Aiming at Pluto’s Heart — Part 3

New Horizons — $700 Million

Abhinav Yadav
4 min readDec 18, 2023

So far we have covered Pluto’s discovery, scientific struggle to study it closely and eventual liftoff of New Horizons spacecraft in 2006. Then as the spacecraft slingshot around Jupiter & gained unimaginable speed, Pluto itself got reclassified. In this series finale, let’s cover the majesty of the Plutonian system, the awesomeness of human perseverance and the ongoing story of an unstoppable super-craft.

New Horizons in space (credit)

Draining the putt

New Horizons’ path for its 3 billion mile journey had to be calculated precisely. Like putting a golf ball from the other side of the planet. If the calculations were slightly off, we would have missed the putt by miles. The length of the putt was so long that hibernation could have caused technical issues and our spacecraft could have kept rolling downhill, until the end of time. If there were debris or planetary rings close to Pluto, we could have hit something and landed in the bunker.

The only major glitch happened 10 days before the main flyby and threatened to derail everything. The team mysteriously lost all communication to the spacecraft and had to scramble to figure out what had happened. Luckily the spacecraft called back to say it had gone into safe mode. Which turned out to be the right thing for it to do.

The reason for this anomaly was eventually figured out. Because of the simultaneous uploading of flyby commands and compressing of images, the main computer had overloaded. At which point, the backup computer stepped in to assume command. But all the flyby commands had gotten wiped out and the spacecraft didn’t know its next move as it helplessly floated in space.

So the team had another race on its hands — upload the flyby details in the correct sequence or watch the spacecraft sail past Pluto and into the interstellar void. The stakes were even higher as there was a 10 hour communication delay due to the spacecraft’s distance at over 3 billion miles. With all these odds stacked against it, the team rallied to do months of work in 72 hours and got the spacecraft ready for its flyby of Pluto.

Some might call what followed as luck, I would say it was a reward for our leap of faith and sheer determination — NASA drained this putt like a pro!

Scientific Goldmine

After it’s decade-long journey, the New Horizons mission was extremely successful in achieving all of its primary objectives with a flyby of Pluto on July 14, 2015. The spacecraft also visited Pluto’s five moons, Charon, Nix, Hydra, Kerberos and Styx. It accumulated enough scientific data that it took 15 months just to receive all of it back.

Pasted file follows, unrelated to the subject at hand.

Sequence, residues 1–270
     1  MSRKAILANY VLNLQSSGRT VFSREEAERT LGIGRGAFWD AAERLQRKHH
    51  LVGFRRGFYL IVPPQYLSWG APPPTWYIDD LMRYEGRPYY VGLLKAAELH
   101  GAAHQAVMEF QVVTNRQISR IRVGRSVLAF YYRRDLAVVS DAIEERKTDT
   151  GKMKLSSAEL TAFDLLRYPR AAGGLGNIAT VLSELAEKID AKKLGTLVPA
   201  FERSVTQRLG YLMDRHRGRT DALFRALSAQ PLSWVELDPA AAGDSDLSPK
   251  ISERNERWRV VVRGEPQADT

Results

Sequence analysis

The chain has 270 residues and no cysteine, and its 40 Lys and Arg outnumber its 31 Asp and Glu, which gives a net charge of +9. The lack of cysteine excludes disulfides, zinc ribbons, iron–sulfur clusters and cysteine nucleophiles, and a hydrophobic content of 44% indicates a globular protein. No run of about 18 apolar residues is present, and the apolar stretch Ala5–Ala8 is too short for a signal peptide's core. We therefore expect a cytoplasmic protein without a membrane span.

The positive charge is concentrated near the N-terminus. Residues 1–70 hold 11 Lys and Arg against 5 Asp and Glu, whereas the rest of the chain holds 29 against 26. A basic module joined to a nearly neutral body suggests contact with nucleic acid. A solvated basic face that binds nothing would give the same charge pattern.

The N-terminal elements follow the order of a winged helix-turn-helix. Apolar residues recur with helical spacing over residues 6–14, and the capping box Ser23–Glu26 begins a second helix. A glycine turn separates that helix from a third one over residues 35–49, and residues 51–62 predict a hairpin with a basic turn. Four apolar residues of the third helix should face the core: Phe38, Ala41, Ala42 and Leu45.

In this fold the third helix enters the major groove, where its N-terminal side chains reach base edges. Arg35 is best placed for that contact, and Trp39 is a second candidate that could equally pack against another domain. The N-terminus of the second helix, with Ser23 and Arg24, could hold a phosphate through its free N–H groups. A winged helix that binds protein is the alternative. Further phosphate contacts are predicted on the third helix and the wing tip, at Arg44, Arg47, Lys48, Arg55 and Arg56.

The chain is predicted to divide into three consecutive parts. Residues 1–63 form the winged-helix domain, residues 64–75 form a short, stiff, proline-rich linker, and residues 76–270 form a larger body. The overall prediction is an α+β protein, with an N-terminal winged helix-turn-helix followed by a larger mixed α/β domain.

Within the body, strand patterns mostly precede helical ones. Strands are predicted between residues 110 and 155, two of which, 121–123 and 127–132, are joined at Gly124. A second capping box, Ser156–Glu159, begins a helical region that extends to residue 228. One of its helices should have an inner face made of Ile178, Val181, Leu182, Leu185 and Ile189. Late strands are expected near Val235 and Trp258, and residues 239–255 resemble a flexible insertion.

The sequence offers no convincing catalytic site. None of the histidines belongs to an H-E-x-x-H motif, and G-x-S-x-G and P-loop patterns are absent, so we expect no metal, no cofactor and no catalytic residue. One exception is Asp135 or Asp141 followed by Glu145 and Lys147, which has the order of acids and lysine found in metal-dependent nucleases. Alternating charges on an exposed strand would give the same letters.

Various observations of Pluto over the course of several decades. The first frame is a digital zoom-in on Pluto as it appeared upon its discovery by Clyde Tombaugh in 1930 (image courtesy Lowell Observatory Archives). The other images show various views of Pluto as seen by NASA’s Hubble Space Telescope beginning in the 1990s and NASA’s New Horizons spacecraft in 2015. The final sequence zooms in to a close-up frame of Pluto released on July 15, 2015. Credit

A tiny pixel became a scientific gold mine and its compositional diversity clearly showed. It went from an astronomer’s world to a geologist’s world — weird ice floes, massive surface cracks, impact craters, mountains of water ice, glaciers of nitrogen, signs of volcanic activity and a blue atmosphere of nitrogen. This was not a boring place.

Left: Pluto’s largest moon, Charon. Right: Close up view of Wright Mons, one of two potential cryovolcanoes (Credit)

Even chemically there was a lot going on with bright & dark spots. All these details were clearly visible in the images. The scientists could now start considering the forces operating on Pluto that transferred energy from one form to another. Like on Earth — forces like wind, tectonic plates and other factors that shape our world. Similar forces had shaped the Plutonian system.

Planetary scientists had not had this much excitement over each new image since the Voyager spacecrafts. New Horizons turned out to be a rightful successor to the legendary spacecrafts of the past.


Image of Arrokoth (Credit)

New Horizons continued its journey beyond Pluto and most recently took detailed images of a smaller object named Arrokoth (Ultima Thule) in the Kuiper Belt. Arrokoth was another billion miles out from Pluto and much dimmer. It is also representative of a primordial building block. Discovered after the launch, in 2014, the object had only completed 1% of its orbit before the flyby.

In April 2022, New Horizons mission was extended a second time to potentially conduct multi-disciplinary observations of relevance to the solar system and NASA’s Heliophysics and Astrophysics Divisions.

The mission will continue through the Kuiper Belt as it has enough fuel to last into 2030’s.

As this workhorse continues its journey through the cosmic ocean, what did the $700 Million investment give us? Perhaps a chance to challenge our engineering skills & scientific prowess, explore distant corners of the Solar System to understand our beginning and ultimately, build a deeper connection with the cosmos. I for one think it was money well spent!



Abhinav Yadav

Engineer. Optimist. Science Communicator 🚀 🔭🌌